Formal models of categorization are psychological theories that try to describe the process of categorization in a lawful way, using the language of mathematics. Their mathematical formulation makes it possible for the models to generate precise, quantitative predictions. SUSTAIN (Love, Medin & Gureckis, 2004) is a powerful formal model of categorization that has been used to model a range of human experimental data, describing the process of categorization in terms of an adaptive clustering principle. Love et al. (2004) suggested a possible application of the model in the field of object recognition and categorization. The present study explores this possibility, investigating at the same time the utility of using a formal model of categorization in a typical machine learning task. The image categorization performance of SUSTAIN on a well-known image set is compared with that of a linear Support Vector Machine, confirming the capability of SUSTAIN to perform image categorization with a reasonable accuracy, even if at a rather high computational cost.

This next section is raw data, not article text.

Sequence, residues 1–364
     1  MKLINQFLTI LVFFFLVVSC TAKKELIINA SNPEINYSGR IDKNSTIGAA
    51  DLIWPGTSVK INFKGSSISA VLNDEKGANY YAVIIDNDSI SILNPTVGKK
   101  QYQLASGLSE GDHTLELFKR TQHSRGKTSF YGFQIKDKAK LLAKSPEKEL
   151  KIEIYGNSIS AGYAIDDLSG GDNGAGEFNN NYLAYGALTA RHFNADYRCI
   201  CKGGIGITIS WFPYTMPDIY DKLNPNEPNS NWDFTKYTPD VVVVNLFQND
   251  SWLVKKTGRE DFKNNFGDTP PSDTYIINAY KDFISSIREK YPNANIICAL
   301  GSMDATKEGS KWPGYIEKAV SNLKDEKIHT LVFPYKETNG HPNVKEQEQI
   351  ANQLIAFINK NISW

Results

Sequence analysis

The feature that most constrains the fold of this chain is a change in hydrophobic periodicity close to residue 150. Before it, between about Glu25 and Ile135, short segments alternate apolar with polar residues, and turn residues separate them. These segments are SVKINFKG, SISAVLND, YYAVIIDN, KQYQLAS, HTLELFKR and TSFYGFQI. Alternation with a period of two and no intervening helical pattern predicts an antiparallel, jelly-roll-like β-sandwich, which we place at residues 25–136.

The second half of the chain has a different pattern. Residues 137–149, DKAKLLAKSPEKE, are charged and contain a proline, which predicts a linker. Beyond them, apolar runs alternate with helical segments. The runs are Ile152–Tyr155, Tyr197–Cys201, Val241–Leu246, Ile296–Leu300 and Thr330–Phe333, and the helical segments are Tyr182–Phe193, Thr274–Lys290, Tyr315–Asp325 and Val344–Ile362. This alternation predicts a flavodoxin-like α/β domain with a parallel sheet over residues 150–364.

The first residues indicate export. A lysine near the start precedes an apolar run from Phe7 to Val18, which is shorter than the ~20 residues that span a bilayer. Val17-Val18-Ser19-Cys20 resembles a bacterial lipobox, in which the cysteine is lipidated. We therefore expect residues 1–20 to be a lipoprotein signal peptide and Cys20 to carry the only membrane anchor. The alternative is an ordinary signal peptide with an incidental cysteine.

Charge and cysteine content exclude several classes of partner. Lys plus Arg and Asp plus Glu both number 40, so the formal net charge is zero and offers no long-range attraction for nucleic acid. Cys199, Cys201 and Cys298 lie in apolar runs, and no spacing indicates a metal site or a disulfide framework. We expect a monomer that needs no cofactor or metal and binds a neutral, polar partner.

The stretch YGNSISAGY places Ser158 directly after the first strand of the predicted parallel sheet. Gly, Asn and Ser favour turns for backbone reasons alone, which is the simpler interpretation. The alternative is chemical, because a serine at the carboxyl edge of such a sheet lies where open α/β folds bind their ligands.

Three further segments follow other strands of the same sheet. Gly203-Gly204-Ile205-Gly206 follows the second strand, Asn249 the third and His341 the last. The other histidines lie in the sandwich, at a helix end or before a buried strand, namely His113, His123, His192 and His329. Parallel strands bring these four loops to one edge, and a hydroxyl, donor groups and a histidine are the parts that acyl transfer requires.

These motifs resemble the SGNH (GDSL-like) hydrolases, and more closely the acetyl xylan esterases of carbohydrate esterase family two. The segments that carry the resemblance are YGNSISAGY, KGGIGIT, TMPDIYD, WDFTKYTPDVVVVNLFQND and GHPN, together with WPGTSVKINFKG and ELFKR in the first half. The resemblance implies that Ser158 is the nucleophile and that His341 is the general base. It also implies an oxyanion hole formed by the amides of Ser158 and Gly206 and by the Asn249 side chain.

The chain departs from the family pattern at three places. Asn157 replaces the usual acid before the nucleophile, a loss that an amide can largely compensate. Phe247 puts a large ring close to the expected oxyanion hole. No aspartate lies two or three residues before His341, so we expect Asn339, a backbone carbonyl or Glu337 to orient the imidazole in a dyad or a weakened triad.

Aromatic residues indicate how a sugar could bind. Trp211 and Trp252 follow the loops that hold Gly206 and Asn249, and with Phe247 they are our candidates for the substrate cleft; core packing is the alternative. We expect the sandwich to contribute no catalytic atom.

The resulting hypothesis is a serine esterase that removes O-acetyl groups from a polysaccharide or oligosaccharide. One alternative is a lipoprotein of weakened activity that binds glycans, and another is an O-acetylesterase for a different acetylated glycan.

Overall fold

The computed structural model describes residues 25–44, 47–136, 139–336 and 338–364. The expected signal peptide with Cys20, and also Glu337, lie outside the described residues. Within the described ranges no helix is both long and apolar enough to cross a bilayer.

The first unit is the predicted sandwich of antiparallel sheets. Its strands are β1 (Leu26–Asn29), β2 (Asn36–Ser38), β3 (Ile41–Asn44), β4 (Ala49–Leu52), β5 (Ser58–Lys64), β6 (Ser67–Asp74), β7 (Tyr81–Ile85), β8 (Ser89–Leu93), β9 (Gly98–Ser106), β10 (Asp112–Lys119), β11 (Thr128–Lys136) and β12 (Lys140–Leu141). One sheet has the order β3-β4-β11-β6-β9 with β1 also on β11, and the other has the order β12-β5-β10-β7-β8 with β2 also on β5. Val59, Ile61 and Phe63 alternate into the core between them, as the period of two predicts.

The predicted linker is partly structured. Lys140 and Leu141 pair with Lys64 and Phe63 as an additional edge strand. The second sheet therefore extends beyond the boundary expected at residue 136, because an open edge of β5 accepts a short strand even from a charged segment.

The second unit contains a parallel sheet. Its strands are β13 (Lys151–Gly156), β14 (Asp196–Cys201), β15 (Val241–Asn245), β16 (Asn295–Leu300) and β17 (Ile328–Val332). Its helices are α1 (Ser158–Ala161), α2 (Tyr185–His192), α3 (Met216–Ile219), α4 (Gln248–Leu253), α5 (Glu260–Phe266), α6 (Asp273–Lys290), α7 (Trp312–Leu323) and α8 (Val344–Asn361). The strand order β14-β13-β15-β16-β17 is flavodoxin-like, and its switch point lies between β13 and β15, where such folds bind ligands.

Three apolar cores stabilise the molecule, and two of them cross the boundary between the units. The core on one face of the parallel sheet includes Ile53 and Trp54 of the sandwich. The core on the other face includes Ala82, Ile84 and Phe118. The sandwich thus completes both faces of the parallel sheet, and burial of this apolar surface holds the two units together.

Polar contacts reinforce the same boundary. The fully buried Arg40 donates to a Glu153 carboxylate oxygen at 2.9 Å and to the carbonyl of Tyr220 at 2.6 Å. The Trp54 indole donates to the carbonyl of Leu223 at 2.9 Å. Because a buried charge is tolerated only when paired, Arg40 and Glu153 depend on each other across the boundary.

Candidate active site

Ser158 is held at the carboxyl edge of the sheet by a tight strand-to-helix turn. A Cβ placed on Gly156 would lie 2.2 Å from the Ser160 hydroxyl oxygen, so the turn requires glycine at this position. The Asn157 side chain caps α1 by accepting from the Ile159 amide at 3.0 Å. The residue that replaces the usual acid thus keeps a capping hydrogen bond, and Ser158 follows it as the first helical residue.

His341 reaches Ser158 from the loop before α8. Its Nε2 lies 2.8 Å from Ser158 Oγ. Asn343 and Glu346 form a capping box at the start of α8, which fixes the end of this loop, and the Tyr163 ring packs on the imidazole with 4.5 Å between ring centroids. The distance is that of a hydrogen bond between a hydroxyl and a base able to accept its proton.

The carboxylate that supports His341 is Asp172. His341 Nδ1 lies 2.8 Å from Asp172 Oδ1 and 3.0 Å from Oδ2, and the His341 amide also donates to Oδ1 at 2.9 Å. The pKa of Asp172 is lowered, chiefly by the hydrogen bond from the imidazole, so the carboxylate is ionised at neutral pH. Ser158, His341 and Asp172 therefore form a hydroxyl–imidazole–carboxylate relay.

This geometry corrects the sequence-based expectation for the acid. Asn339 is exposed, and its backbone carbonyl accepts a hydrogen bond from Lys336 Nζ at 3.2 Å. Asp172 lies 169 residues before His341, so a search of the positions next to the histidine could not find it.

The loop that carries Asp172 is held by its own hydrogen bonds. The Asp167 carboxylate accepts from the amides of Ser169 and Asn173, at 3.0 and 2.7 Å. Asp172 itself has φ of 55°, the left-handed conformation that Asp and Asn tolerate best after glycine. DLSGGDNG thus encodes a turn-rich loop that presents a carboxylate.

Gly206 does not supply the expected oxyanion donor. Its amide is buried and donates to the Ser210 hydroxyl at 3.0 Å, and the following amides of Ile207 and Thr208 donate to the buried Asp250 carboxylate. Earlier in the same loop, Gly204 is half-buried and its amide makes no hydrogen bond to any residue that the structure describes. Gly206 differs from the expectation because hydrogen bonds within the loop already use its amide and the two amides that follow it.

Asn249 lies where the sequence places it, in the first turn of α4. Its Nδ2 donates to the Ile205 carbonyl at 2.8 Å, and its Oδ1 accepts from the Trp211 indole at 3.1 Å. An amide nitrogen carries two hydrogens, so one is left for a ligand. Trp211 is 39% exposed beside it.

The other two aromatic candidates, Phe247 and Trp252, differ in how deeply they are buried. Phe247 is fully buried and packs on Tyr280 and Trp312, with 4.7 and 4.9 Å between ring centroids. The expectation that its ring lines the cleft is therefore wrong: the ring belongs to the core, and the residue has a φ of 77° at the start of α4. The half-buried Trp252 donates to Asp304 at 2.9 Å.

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Proceedings of the 36th Annual Conference of the Cognitive Science Society

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School of Psychology